The sudden inrush of heat from the big furnace heats the air but not the furniture, walls, and other stuff in your home. Thermostats detect air temperature. This means that the furnace will turn off but the “stuff” in your house will still be cold. The heat from the air will move into the cold stuff in your home to warm it up causing the air to cool down quickly. This means the thermostat will then turn the furnace back on to heat up the air in your house again. This results in the furnace “cycling” on and off many times per hour, creating an up/down/up/down temperature swing and making the house feel drafty inside. The industry term for this is called “short cycling.”

The second reason not to oversize a furnace is that a furnace becomes more energy efficient the longer it runs. When a furnace first turns on, all of its parts are cold and the ductwork that delivers the air to your room is cold. The burning gas in the furnace must first be used to heat up all of this metal before it can move the heat to the air in your home. This usually takes about two to five minutes to happen. A furnace which is oversized might only run for five minutes before turning off again. This means that you are spending a larger amount of your gas bill just heating up the mechanical system in your basement and not in heating your living space.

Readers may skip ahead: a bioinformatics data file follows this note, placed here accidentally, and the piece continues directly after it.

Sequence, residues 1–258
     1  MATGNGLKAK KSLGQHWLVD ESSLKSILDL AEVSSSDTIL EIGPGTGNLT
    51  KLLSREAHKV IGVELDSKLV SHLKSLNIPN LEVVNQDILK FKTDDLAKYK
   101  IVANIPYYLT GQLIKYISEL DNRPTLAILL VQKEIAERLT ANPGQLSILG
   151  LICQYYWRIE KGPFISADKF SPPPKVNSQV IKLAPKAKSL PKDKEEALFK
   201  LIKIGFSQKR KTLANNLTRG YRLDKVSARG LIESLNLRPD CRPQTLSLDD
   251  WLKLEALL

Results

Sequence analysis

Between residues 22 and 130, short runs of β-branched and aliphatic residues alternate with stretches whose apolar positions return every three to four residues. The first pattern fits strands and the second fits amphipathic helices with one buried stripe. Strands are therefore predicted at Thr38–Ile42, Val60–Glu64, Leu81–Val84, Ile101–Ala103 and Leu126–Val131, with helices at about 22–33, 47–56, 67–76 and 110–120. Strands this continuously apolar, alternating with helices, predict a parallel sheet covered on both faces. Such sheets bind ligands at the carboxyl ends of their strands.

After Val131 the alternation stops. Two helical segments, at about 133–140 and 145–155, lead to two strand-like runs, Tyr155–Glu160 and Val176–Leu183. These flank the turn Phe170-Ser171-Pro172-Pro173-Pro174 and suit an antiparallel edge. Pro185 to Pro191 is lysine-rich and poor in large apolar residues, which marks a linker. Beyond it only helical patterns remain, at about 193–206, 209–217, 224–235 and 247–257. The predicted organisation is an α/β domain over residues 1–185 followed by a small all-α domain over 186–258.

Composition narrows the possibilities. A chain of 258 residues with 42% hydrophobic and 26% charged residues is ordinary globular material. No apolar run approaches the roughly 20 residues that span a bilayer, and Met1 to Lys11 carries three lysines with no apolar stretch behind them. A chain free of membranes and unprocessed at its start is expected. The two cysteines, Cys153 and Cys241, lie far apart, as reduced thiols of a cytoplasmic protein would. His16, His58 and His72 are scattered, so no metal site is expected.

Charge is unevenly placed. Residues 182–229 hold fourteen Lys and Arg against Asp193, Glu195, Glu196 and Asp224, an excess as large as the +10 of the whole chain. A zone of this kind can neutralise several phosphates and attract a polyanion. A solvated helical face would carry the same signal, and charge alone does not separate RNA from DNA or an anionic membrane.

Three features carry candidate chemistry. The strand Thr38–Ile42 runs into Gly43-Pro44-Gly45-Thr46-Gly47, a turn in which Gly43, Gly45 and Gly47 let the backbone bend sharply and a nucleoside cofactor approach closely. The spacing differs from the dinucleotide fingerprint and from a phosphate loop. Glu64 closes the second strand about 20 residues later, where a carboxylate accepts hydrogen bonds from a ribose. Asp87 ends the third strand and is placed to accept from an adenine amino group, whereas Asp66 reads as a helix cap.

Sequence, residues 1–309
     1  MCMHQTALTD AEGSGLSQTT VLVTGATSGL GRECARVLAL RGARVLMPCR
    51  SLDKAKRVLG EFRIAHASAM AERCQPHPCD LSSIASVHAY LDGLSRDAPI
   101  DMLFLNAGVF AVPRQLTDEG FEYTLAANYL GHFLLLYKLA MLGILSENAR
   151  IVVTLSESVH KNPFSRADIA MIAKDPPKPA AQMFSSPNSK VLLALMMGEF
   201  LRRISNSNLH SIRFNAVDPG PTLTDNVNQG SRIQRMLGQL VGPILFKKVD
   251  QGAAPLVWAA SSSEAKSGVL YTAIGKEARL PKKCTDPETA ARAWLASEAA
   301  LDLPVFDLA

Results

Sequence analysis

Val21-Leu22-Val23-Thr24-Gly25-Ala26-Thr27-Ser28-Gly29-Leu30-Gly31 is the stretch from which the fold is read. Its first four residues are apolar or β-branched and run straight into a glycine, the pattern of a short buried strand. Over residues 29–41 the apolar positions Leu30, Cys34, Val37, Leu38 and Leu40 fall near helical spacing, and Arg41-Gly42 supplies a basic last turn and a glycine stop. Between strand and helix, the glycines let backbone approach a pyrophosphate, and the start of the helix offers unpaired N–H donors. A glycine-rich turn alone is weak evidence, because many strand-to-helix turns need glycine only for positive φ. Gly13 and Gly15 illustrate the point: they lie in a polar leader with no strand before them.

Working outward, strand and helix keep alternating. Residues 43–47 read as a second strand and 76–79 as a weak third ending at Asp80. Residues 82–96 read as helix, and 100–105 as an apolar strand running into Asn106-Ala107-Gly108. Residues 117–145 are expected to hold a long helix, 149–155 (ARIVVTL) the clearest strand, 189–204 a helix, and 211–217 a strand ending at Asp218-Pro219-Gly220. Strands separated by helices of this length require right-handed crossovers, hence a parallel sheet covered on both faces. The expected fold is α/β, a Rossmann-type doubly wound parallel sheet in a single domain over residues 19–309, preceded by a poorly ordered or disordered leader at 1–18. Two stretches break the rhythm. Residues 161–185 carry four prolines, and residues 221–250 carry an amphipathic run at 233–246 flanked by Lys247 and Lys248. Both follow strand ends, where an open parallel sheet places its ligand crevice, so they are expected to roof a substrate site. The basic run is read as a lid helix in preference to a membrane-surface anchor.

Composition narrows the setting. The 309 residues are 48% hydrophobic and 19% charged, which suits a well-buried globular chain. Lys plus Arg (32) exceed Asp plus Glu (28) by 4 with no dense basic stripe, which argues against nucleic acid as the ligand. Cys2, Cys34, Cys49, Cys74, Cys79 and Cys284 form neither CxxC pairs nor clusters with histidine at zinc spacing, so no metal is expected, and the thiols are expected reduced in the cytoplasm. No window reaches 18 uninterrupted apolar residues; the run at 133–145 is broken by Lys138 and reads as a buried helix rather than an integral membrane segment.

So why did the industry decide to use a design temperature that only covers the heat load of a house 99 percent of the time? Remember that the furnace needs to be sized to handle really cold days, but not be too large for the warmer 30 degree days. The magic number to produce energy efficiency, indoor comfort for you, and make sure you are safe in case a polar vortex comes to town is 99, resulting in a furnace that is slightly smaller but more than up to the task. If it is below five degrees outside only one percent of the time, the outside temperature will not go too much below this for very long in most cases.  Even with the bone-chilling cold of negative 10 degrees in Kalamazoo over the last few years, it generally only happens at night and the temperature rises back up during the day. This means that the furnace will be undersized for only a few hours at a time and the inside temperatures will stay warm enough because of thermal inertia. back to top